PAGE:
Born to an Armenian father and an Anglo-Indian mother, Keith Garebian holds a doctorate in Canadian and Commonwealth Literature from Queen’s University. The author of twenty-two books and a chapbook, he is a widely-published writer. His reviews and articles have appeared in over a hundred newspapers, journals, magazines, and anthologies. In 2000, he became the first critic-at-large to be appointed by a public library, when he was contracted to post theatre and book reviews for three years on the website for the Mississauga Public Library. His poetry has been published in Impulse, Echo, Inscape, The Antigonish Review, Literary Review of Canada, Exile, Quarry, Grain, The Malahat Review, and various anthologies. The winner of the prestigious William Saroyan Medal in Armenia, and the 2000, 2008, and 2013 Mississauga Arts Award for Writing, he won First Prize in the Canadian Authors Association Poetry Contest in 2009, writing grants from the Ontario Arts Council and the Canada Council, and top prizes for poetry from a variety of journals and arts councils. Some of his work has been translated into French, Armenian, German, Chinese, Romanian, Bulgarian, and Hindi. A member of the League of Canadian Poets, he is available for public readings and symposia. He contributes book reviews to the prestigious World Literature Today website in the U.S.
Keith’s next poetry reading is for ‘th secret handshake gala poetree reading seeries’ (organizer: bill bissett) on Sunday, March 26 at 170A Baldwin St., Kensington Market, Toronto. He is one of the featured readers and the reading begins at 2 pm.
Keith’s latest book, ‘Lerner and Loewe’s My Fair Lady,’ (Routledge) has just been reviewed by arts journalist-poet David Bateman on batemanreviews.blogspot.ca. Here are excerpts from this review:
‘Poet, arts journalist, and acclaimed musical theatre expert, Keith Garebian has neatly combined queer theory, biography, and his own special brand of accessible, engaging writing that adds a unique perspective to the presence of a great play that became a great musical. He doesn’t shy away from the intimate personality details that mingle with the characters that both Julie Andrews and Rex Harrison brought to their interpretations of the pivotal roles of Eliza and Henry. Nor does he mince words about Moss Hart’s presence as a closeted homosexual director who brought the kind of vigour and skill necessary to push this iconic score through arduous rehearsals, revisions, and a variety of fascinating behind the scenes scenarios. …Telling the truth in the light of late twentieth-century queer theory, with the aid of extensive research and impressive knowledge of the musical theatre genre, Garebian gives his reader a delightful and enlightening new look at an old somewhat “politically incorrect” text. Not to dismiss the beauty of the songs, or the romance of the tale, and yet Garebian himself speaks directly to the misogyny of the text, to Harrison’s reputation as a somewhat abrasive ladies man, Andrews’s trained “innocence” and “chaste femininity” that had to be sculpted carefully by Hart, not to mention the subtly crafted homosocial triangle that occurs between the two men vying for the attention of the fair lady….It is the mixture of machismo, innocence, and a severely delineated class structure–the division between the rich and the poor–that creates the dramatic tension–a tension that is simultaneously heightened and alleviated through song (courtesy of the genius of Lerner and Loewe) that gives Garebian’s text such a lively and engaging tone–contributing to an ongoing discussion regarding one of the most popular pieces of 20th century musical theatre.’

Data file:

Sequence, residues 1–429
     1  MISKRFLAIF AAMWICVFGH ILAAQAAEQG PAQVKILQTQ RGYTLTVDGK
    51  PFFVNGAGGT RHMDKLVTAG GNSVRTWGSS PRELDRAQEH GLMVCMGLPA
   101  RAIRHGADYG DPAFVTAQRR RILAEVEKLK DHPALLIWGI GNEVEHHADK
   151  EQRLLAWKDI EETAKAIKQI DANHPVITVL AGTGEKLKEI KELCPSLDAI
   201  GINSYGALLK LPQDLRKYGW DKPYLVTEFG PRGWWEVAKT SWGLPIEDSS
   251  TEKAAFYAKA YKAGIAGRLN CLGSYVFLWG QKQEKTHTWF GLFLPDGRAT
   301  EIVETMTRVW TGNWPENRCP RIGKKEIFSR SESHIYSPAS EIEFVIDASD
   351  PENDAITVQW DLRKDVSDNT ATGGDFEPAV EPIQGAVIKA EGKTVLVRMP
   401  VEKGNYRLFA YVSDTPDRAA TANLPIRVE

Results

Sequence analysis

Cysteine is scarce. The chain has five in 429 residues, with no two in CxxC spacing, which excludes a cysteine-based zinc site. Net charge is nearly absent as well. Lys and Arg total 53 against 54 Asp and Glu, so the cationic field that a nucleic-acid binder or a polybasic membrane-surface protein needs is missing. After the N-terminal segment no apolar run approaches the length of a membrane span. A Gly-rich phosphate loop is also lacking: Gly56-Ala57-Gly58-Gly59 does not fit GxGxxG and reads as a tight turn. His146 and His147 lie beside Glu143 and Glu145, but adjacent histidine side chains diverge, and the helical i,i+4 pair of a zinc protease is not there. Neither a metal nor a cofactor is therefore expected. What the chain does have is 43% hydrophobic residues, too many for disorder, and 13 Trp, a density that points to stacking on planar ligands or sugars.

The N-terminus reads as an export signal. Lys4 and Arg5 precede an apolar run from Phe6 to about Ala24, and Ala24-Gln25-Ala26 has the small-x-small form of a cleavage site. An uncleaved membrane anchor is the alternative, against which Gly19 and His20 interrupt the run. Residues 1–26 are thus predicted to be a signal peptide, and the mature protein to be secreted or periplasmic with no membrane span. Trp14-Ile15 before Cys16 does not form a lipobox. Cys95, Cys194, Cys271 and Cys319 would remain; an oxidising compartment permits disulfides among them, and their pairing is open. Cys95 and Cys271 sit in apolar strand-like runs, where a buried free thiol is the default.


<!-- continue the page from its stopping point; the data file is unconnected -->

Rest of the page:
Another positive review–this one from Jeffrey Round, posted on Vailed, March 27, 2017:
‘In an age of seemingly exhaustive biographies and prolific cultural studies, Routledge’s Fourth Wall “study series” offers a refreshingly intimate look at some turning points in modern theatrical history.
Keith Garebian’s Lerner and Loewe’s My Fair Lady is a distillation of years of the author’s intimate knowledge about this and other musicals. His love for his subject and his impeccable prose make reading it a delight, as he cleverly dissects the personal and artistic, showing how one helped form the other in what was to become the Broadway version of George Bernard Shaw’s much-loved tale of the erudite Englishman who teaches a Cockney flower girl to pass as a “lady.”
Most revealing are his stories of how Julie Andrews struggled to broaden the scope of her acting, at times under duress from the callow egotism of co-star Rex Harrison, and how in real life Harrison managed to combine the role of well-bred Englishman with that of the sexist alpha-male. (With an eventual full count of six wives and two autobiographies to his credit, or discredit, he was well-suited to the part.)
Wisely, Garebian includes Moss Hart, the show’s “sexually ambiguous” director who put the show through numerous revisions until it became what has been referred to as “the perfect musical.” The contributions of Hart…ensured that there would be a gay code to the musical’s making. Garebian dives directly into this aspect as well, linking theories of sex roles and sexuality. The use of academic “queer theory” jargon all the rage in some quarters, is thankfully minimal…
On the whole, there is far greater emphasis on the show’s lyrics than its music, but this only serves to underline Garebian’s mastery of the language (he is also a poet). It’s here he shows his full understanding of the work’s literary elements. The result, a thorough yet easily digested analysis, makes the work relevant to today’s audiences, rendering it far more than just a lovely anachronism.’